Though she felt ill, she still went to work.

Does this sentence sound natural to you?

  • 3
    It sounds fine. Naturalness judgments, though, need to be made in context.
    – user230
    Aug 31, 2014 at 16:44
  • 2
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1 Answer 1


There are a few places where Although and Though can be used interchangeably, but as a general rule of thumb-

  1. Although is used at the beginning of a sentence (where a comma is followed by the clause).
  2. Though is mostly used in the middle or end of a sentence, and sometimes in the beginning when followed by an adjective (Though green, the banana was edible.)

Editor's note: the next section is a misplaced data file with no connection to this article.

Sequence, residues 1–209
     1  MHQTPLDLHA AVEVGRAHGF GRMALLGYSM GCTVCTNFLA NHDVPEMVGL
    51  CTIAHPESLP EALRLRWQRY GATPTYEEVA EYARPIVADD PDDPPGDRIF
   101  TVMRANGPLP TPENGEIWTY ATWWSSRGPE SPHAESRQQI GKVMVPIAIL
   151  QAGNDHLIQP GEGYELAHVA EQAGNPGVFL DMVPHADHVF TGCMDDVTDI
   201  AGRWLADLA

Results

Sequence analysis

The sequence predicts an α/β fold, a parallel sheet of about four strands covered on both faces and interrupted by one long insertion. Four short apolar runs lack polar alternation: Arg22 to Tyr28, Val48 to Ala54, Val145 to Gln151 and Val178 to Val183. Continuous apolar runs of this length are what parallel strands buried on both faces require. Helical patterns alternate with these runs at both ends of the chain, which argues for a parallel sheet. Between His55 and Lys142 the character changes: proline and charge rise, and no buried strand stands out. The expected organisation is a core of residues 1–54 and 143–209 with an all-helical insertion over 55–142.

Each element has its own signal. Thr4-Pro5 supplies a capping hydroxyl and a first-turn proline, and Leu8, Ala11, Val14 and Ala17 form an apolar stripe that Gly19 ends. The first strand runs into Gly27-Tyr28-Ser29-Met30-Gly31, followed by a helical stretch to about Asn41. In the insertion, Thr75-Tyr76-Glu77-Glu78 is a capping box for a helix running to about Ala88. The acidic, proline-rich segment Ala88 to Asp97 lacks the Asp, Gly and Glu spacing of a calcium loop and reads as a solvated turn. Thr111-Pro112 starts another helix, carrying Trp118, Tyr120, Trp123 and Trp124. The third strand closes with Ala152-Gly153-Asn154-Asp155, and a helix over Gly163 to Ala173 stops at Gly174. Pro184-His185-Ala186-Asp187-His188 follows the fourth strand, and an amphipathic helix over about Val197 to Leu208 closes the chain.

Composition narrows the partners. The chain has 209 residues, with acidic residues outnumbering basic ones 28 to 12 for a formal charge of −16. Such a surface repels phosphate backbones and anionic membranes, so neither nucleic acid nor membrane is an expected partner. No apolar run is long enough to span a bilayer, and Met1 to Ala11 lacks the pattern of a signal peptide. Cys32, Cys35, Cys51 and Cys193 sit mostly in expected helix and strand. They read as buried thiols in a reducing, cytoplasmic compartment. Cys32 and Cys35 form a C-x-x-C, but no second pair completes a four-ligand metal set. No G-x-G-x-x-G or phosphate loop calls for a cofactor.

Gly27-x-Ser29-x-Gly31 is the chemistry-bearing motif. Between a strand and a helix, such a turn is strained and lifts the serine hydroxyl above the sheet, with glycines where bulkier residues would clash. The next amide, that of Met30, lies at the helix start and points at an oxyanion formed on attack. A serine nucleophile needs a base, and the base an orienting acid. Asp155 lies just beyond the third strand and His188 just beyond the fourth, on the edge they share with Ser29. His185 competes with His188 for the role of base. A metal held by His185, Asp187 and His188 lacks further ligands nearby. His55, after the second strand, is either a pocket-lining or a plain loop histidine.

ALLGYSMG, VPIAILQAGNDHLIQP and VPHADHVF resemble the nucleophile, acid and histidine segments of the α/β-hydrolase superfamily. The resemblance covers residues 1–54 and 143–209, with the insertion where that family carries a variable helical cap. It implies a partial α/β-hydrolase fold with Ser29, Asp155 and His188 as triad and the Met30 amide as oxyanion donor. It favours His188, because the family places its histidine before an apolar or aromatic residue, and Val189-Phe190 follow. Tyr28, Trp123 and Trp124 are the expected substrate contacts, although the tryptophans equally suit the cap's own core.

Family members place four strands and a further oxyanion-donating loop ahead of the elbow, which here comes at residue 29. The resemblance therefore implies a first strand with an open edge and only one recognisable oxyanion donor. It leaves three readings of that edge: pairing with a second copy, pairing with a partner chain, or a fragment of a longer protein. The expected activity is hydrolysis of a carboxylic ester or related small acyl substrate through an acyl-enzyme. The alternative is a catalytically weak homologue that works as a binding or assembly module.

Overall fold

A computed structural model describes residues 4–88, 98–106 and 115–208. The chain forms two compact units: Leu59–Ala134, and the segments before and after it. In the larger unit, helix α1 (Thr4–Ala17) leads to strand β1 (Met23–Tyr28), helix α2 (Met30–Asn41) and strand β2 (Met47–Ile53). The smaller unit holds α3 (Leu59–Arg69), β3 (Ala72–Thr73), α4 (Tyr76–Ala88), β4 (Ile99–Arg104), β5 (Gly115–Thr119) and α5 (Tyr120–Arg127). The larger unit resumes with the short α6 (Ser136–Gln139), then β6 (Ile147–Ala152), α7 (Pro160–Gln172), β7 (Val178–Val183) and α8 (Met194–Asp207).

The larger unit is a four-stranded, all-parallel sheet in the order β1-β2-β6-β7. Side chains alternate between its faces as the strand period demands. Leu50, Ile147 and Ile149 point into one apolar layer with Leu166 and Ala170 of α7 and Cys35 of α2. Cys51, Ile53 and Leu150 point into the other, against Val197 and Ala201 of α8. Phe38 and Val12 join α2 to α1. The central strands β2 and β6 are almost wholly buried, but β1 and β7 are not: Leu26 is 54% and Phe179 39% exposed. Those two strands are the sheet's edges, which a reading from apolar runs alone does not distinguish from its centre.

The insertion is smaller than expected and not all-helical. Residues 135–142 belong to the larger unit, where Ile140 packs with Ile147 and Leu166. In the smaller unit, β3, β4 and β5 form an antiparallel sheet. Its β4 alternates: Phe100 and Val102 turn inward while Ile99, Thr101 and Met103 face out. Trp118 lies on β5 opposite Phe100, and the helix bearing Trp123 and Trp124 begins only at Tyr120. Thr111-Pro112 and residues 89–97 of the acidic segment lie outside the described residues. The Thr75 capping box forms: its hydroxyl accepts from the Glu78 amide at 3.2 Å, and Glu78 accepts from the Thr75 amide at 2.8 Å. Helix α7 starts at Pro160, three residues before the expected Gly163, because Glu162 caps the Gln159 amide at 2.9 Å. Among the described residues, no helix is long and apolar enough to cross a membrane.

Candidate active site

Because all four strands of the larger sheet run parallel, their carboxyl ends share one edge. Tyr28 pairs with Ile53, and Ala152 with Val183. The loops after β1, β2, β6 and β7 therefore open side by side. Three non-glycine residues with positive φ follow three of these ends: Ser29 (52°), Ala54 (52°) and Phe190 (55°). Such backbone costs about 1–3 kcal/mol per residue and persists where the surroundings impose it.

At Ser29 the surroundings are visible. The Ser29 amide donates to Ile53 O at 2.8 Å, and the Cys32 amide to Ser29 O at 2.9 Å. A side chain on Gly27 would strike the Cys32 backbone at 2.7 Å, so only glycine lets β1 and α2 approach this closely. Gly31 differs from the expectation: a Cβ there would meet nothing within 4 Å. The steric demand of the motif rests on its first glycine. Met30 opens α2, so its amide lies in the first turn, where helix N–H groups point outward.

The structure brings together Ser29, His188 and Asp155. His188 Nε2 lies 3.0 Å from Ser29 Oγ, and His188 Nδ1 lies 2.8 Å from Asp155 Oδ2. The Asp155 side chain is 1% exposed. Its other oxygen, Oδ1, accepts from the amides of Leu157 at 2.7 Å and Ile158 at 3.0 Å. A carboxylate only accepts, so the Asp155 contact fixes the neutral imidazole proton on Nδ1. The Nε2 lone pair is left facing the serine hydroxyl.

You would be better off using "although" in your sentence:

Although she felt ill, she still went to work.

Note, however, that although is slightly more formal than though.

  • You could also say "Even though she felt ill," to be a little less formal.
    – ColleenV
    Aug 31, 2014 at 18:14
  • 'Though' is not mostly used in the middle or at the end of a sentence. The Corpus of Contemporary English has over 16,000 citations for 'Though' as the first word in a sentence, and only 350 of these are for 'Though' followed immediately by an adjective.. 'Although' at the beginning of a sentence is far more common (43,000 citations), but it is far from the automatic or 'better' choice.
    – tunny
    Oct 30, 2014 at 19:03

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